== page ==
Mechanical jewelry is extremely popular, so that makes this Christmas Tree Pinball brooch even more fun. One woman in Berlin bought it to wear because she works in the coin-op games industry. The lever pulls back and shoots pearls and beads.
A rare and coveted Cartier tree pin with a dove topper sprang up at Sotheby’s in 2007. Set with diamonds, rubies, and nephrite, the uncommon spruce fell for $46,000. The sparkly Art Deco conifer was created in 1930 and is one of the oldest tree pins.
Probably one of the cleverest trees ever made, with loose tea and a connected but separate label brooch. The two can be pinned on to look like a tea bag steeping. By designer Stuart Freeman.
For those like Scrooge who want to “keep Christmas” all year long, this is literally a pine pin. Live evergreen is carried inside the Lucite and mirror encasement—it’s a little branch of tannenbaum to wear on your dress this holiday season. By Manhattan designer Stuart Freeman.
Blair Delmonico boutiques carried her Christmas tree pin in about 2004-05, so most avid collectors missed it. It came in three different sizes, with only the smallest (shown) decorated in multicolor bead ornaments. The other two were all crystal ice.
Costume jewelry specialist, collector, and author, Kathy Flood, is offering a special deal to Traditional Home readers. It’s an old-school arbor lavishly enameled, studded with rhinestone jewels, and decorated with a golden bell to commemorate the angel Clarence getting his wings in the last scene of It's A Wonderful Life. The festive Christmas tree pin is signed with the engraved autograph signature of George Bailey's daughter Zuzu, Karolyn Grimes. (Engraving includes both names.) The pin is from a very limited edition of 125, specially offered to Traditional Home readers at $59 plus shipping (versus $95 retail).
This tree is on the cover of the upcoming book, Comprehensive Jewelry Guide to Christmas Tree Pins. (Christmas delivery guaranteed, whether the brooch is for readers or a gift to someone who loves Zuzu and this iconic holiday movie.)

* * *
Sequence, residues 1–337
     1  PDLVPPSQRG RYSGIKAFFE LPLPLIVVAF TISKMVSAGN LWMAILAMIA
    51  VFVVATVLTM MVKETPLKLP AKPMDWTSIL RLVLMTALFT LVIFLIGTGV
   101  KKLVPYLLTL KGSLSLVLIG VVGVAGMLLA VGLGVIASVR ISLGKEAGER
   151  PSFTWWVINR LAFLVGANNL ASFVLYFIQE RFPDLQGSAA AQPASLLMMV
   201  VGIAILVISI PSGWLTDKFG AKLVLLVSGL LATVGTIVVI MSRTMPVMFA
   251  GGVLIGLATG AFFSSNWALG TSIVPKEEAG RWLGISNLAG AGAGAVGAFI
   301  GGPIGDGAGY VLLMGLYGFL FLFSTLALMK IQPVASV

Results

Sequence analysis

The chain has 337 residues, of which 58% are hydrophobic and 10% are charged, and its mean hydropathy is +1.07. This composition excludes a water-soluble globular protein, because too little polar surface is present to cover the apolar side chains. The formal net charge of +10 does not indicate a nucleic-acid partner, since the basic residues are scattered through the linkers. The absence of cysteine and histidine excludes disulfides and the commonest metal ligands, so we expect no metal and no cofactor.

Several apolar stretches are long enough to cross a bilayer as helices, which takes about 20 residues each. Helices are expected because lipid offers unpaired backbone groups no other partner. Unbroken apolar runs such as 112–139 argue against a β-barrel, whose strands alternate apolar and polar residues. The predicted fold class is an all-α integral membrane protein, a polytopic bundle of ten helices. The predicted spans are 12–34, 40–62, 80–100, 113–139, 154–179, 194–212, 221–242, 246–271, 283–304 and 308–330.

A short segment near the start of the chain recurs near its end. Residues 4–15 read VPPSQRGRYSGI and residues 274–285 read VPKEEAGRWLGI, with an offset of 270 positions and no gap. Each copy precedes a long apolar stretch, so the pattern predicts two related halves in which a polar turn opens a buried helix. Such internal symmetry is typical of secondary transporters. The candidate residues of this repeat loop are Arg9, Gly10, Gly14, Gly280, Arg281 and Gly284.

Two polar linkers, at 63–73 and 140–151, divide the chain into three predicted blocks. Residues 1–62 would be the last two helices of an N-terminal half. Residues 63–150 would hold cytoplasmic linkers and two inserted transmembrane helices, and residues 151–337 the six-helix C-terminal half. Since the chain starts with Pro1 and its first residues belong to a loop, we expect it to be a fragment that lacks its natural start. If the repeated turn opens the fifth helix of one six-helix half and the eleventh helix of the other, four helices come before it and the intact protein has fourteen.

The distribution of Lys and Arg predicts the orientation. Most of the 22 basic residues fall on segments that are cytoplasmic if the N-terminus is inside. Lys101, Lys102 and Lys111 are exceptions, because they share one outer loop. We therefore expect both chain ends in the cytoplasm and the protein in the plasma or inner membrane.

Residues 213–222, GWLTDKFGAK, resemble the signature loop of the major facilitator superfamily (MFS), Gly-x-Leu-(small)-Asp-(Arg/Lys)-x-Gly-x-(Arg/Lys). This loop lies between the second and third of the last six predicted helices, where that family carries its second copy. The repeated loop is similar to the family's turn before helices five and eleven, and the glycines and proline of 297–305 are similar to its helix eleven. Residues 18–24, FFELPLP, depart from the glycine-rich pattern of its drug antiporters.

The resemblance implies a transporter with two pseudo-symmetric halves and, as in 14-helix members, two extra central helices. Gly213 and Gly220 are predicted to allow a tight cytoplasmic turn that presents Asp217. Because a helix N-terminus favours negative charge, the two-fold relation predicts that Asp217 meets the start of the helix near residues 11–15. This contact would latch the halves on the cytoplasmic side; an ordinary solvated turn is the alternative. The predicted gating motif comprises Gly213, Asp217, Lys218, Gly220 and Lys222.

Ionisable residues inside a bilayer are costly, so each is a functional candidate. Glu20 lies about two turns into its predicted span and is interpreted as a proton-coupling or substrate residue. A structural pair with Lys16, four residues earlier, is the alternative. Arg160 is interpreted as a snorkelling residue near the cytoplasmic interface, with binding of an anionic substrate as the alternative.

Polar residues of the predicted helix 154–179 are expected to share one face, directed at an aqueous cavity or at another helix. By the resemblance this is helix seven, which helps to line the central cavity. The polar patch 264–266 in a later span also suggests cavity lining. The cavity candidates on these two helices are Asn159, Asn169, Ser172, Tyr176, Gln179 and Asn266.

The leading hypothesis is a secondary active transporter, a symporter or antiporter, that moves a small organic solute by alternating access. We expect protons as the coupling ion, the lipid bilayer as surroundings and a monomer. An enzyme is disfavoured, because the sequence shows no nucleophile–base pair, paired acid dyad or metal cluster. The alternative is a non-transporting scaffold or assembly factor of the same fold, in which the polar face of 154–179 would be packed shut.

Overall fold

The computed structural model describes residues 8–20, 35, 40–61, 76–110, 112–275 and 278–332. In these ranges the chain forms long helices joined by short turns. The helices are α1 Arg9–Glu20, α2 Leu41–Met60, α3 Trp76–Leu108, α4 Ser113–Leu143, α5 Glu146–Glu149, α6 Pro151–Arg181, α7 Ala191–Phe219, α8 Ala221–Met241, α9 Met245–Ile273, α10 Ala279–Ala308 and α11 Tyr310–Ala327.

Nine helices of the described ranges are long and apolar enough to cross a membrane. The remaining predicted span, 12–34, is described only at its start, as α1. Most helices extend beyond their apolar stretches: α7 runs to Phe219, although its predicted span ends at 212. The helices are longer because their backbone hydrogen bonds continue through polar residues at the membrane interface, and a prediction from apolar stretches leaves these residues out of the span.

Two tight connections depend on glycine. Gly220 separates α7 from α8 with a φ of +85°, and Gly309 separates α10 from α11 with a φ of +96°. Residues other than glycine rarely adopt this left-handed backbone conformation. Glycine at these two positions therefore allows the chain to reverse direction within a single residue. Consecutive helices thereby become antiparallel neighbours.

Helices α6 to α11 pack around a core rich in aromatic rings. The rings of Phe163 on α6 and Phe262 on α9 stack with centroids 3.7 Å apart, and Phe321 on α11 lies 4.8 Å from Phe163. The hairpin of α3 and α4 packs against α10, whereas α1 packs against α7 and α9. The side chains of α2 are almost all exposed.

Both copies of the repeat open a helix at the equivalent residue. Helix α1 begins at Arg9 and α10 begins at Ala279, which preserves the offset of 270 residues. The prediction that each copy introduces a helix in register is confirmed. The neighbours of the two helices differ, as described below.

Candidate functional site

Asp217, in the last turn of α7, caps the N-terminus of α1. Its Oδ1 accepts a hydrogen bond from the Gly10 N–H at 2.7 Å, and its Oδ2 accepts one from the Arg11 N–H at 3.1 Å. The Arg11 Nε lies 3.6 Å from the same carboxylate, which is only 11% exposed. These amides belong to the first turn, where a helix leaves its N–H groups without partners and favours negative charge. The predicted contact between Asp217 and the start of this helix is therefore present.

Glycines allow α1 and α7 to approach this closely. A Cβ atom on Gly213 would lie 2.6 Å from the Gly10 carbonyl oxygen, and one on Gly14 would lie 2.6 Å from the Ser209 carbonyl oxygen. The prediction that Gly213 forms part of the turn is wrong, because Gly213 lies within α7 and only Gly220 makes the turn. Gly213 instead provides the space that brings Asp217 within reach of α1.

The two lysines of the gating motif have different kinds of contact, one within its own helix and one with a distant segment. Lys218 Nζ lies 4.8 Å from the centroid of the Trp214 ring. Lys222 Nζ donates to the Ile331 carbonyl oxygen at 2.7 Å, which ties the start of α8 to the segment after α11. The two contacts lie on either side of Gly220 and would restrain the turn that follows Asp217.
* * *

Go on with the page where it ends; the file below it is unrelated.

Order here and identify yourself as a TH reader, and the discount will be given. Merry Christmas!
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O, Christmas Tree Pin!
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Kathy Flood as told to Doris Athineos
Photographs by Peter Krumhardt
Adapted for the Web by Rebecca Christian
Traditional Home: Kathy, how did you become an arbor addict?
Collector Kathy Flood: I spotted 18 of the most beautiful Christmas tree pins ever made in 1993 as I was paging through a magazine. If they hadn’t been so superlative, who knows? But they were, so I was hooked.
TH: Where do you shop?
KF: Before the Internet, collecting was limited to seasonal retail offerings, garage sales and small antiques shops, but antiques malls and the Internet have made collecting so easy, which explains why my forest has grown wild.
Kathy spied this glittering 1975 glass-cone pin, signed “Eisenberg,” while cruising online. It’s worth about $400. Karl Eisenberg began as a couture dressmaker in Chicago in 1914 and, by the ’20s, focused on jewelry (Eisenberg Ice Jewelry). Unsigned trees are still affordable, but rare designs, notable maker’s marks, and high-quality craftsmanship add value, says Kathy, author of Collecting Costume Jewelry Christmas Tree Pins. “While Eisenberg is still made today, the craftsmanship isn’t the same,” says Kathy.